Plumbing looks intimidating (and a little stinky), but there are a couple of plumbing projects that are easy enough for a homeowner to do themselves. The next time you have one of these annoyingly prevalent problems, you should feel free to fix it yourself!
If you have the right tools, some good instructions, and a little patience, you might surprise yourself with what you can accomplish. Here are four plumbing repairs that you could quickly and easily learn on your own.
Why It Happens
Usually, leaking faucets happen when the O-ring in the faucet’s knobs wear away. An O-ring is a rubber, circular fixture that’s responsible for forming a watertight seal between the water supply and the faucet.
When O-rings get worn down, openings may appear in the rubber that is just small enough to let a little water through. That water is the drip you know and definitely don’t love.
What You Need
- Adjustable wrench
- Replacement washers and/or O-rings
How to Fix It
- Turn off the water to the faucet you want to fix.
- Remove caps covering the handle knobs with your screwdriver.
- Locate the screw that secures the faucet handle to its stem and unscrew it.
- Once the screw is removed, use your screwdriver to remove the handle itself.
- Use a screwdriver to loosen the packing nut until you can access the stem.
- Remove the stem (you may need to twist it off, depending on your sink).
- After the stem is removed, you should be able to see the O-ring and washer in the seat of the valve. Remove the washer and replace it with the new one. Do the same with the O-ring. Make sure the replacement washer and O-ring are the right size and shape. You may want to consider taking the washer and/or the O-ring to your hardware store to make sure the replacements you purchase will work correctly.
- After installing the replacement washer and O-ring, reassemble the faucet knob in this order: O-ring, stem, packing nut, screw, handle. Test the faucet to ensure you’ve fixed the leak.
First, turn off the water to the faucet you want to fix. Then, if there are any caps over the handle knobs, remove them with your screwdriver.
Why It Happens
Any drain can clog, and it can happen for all kinds of reasons. Different kinds of appliance drain clog for different reasons and often require different kinds of responses. Clogs happen all the time, and most of them can be cleared out relatively easily and quickly.
What You’ll Need
- Cup Plunger (for sink or shower drains)
- Flange Plunger (for toilet drains)
- A “zip-It” tool (for cleaning sink and shower drains)
How to Fix It
- Put down some towels in case water spills out of the bowl.
- Make sure you’re wearing footwear that will give you traction.
- Lower the soft rubber flap (or flange) in the underside of the flange plungers head into the toilet bowl’s drain. Insert at a straight, perpendicular angle.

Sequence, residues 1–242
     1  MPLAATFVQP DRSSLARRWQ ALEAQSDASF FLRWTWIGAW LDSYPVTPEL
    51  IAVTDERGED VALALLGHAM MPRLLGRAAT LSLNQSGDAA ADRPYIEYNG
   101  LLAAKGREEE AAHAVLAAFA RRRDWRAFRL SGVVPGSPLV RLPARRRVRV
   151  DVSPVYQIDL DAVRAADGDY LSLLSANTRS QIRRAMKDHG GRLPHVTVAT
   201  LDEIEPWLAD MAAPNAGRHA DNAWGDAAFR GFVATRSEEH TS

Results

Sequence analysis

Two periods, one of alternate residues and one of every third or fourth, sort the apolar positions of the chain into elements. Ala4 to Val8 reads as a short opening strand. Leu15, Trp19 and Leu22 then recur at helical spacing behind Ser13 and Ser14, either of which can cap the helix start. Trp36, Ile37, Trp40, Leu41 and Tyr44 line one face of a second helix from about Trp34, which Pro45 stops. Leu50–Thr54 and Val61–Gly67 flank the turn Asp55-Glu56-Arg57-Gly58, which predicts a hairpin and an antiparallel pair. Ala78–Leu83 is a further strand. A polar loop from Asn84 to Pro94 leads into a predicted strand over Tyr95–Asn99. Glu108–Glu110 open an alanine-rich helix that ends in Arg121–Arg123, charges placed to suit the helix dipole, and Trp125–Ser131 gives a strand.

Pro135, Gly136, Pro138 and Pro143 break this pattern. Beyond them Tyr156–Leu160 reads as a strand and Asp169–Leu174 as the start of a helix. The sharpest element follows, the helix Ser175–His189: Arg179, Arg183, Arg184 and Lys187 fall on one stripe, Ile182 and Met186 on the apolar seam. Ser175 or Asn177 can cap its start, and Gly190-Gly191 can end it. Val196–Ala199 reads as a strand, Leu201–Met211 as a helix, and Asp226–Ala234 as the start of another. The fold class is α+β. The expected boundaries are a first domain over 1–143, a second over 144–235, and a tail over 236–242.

- Maneuver the flange around until you feel the flap enter the toilet bowl’s drain.
- Push the plunger down slowly and pull back up repeatedly for about 30 seconds or until most of the water in the toilet bowl is gone.
- Flush the toilet to make sure the clog is cleared.
- Insert the cup plunger over the sink drain. Make the plunger’s handle as straight as you can to achieve the best angle possible.
- Push straight down onto the drain and pull back up for about thirty seconds to a minute. Make sure you’re feeling pressure when you try to pull the plunger back up.
- Run the sink’s water for long enough that you can see whether or not the clog has been taken care of.
- Insert the zip-it tool into the sink’s drain, maneuvering it until almost the entire barbed end is in the drain. Work the tool up and down for about 30 seconds to collect debris and hair.
- Run the sink again.
- Start with the zip-it tool to remove hair. Sometimes, plunging may simply push hair build-up further down.
- Depending on how much you removed with the zip-it, see if you’ve cleared the drain already.
- If the drain still isn’t working effectively enough, use the cup plunger and follow the steps in the sink category.
The next time you have a clog or a leaky faucet, give these fixes a try before you call. Chances are, you’ll be able to solve the problem yourself. Then, you’ll have a skill you can use for the rest of your life. Pretty nifty, huh? We have some more advice to give to the aspiring plumber, so keep an eye out for “How to Fix a Running Toilet” coming later this month.
In the meantime, you can learn about how to assemble your own plumber's toolkit, or how to prevent common plumbing problems like these from happening in the first place. If you end up with a plumbing problem you don’t think you can handle yourself, remember that you can always call us for a little help. We’ll make sure everything’s working the way it should be.